QUESTION 8: What businesses, farms and private homes will be impacted by drilling: increased traffic; noise; air, soil and water pollution; and damage or injuries from accidents?
The impacts of drilling can be addressed in a road ordinance, land use ordinance, and if drilling is allowed by zone, noise ordinances. Absent such ordinances – any house, business etc. can be negatively impacted.
” EID ANSWER: This is still another rhetorical question designed to offer an opinion rather than gather information. However, the record is clear. Hydraulic fracturing has never polluted a water supply. The same holds true with respect to air pollution and other issues raised. The SGEIS addresses all of these in detail. There is no need to reinvent investigations DEC has already conducted.”
The question was about drilling – not just “hydraulic fracturing”. All the industrial processes, starting with the frack truck convoys, negatively impacts road, land uses and water resources.
Shale gas wells are excellent ways to pollute groundwater. Air pollution from shale gas industrialization has been documented in several states. The DEC has no regulations for noise levels, no road use authority and no land use authority. All those are the town’s responsibility. As a practical matter, the DEC cannot and will not be able to protect water supplies on a local level – only the town can do that.
QUESTION 9: What additional judicial and legal services will be needed for property and personal conflicts and lawsuits among neighbors, leaseholder’s and corporations?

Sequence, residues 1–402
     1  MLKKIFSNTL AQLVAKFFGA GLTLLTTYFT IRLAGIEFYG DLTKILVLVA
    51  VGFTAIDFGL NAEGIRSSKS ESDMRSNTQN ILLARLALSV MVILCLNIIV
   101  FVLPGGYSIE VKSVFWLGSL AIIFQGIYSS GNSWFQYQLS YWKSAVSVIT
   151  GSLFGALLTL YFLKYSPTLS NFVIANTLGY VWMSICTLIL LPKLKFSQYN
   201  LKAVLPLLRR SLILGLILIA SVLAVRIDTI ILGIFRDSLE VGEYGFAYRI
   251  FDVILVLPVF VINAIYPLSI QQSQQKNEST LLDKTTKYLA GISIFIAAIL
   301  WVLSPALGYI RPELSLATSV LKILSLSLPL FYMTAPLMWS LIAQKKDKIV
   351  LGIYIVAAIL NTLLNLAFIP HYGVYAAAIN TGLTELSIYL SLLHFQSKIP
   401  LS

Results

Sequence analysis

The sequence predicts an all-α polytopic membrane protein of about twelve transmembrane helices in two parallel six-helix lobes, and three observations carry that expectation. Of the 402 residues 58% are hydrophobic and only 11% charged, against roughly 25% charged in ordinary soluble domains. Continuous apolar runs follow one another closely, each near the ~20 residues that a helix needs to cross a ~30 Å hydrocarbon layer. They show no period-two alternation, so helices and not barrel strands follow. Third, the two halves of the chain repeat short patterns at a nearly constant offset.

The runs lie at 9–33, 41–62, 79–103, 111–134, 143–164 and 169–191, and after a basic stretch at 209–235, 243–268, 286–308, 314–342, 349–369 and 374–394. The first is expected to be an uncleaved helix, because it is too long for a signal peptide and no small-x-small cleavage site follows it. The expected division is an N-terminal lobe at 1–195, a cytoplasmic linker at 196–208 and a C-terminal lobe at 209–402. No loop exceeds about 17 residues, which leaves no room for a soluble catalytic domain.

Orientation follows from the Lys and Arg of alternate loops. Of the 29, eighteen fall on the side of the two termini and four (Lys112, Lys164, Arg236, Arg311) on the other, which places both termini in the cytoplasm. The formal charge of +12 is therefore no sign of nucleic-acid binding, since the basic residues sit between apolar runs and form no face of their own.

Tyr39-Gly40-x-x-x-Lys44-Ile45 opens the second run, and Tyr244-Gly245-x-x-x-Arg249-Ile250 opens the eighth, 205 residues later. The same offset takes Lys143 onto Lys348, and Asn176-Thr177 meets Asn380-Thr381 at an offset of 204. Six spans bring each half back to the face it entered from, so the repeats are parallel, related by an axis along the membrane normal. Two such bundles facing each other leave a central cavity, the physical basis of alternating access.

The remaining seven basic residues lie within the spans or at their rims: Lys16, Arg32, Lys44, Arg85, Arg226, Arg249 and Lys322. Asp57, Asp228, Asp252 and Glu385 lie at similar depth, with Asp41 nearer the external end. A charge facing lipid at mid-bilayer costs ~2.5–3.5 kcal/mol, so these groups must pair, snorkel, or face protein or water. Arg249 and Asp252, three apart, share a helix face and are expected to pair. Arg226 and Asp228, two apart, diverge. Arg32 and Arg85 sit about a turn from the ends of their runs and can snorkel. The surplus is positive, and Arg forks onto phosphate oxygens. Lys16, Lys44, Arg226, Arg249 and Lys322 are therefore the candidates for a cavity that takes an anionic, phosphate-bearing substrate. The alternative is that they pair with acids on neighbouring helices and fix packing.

Gas drilling falls under the same legal and judicial authority as with any land use – in accordance with local zoning codes.
QUESTION 10: What skills and resources will tbe town assessor need to determine the tax rate on each well and monitor reporting, given the widespread fraud in the industry?
As a practical matter, local tax assessors may find the ad valorem valuation of shale gas wells very challenging. New York’s valuation method for gas wells is antiquated and no multiplier has been proposed for shale gas wells.
All gas production is self-reported by the operator. Since New York is one of the few states without a state production tax on oil or gas production, there will be little well monitoring from the state.
Wells are valued for property tax purposes on their productive value, which has be overstated by gas promoters.
New York State Oil, Gas and Mineral Resources 2009
The DEC’s Annual Report shows that New York State’s 10,029 active oil and gas wells produced around $6.2 million in revenues for local governments –that is less than $600 per well (See page 9.)
QUESTION 11: What new personnel, equipment, training and supplies will be required for local fire, emergency medical, traffic and environmental control and police services?
Few local volunteer fire departments are equipped to deal with a gas well or gas compressor station fire.
QUESTION 12: What additional personnel, equipment, training and supplies will be required for town and village highway, water, waste management and other departments?